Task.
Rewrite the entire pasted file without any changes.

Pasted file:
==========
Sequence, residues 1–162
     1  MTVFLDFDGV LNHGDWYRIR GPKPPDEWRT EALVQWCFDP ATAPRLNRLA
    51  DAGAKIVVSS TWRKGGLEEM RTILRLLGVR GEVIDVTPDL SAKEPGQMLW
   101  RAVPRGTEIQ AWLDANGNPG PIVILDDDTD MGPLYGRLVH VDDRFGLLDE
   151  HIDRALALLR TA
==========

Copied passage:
Sequence, residues 1–162
     1  MTVFLDFDGV LNHGDWYRIR GPKPPDEWRT EALVQWCFDP ATAPRLNRLA
    51  DAGAKIVVSS TWRKGGLEEM RTILRLLGVR GEVIDVTPDL SAKEPGQMLW
   101  RAVPRGTEIQ AWLDANGNPG PIVILDDDTD MGPLYGRLVH VDDRFGLLDE
   151  HIDRALALLR TA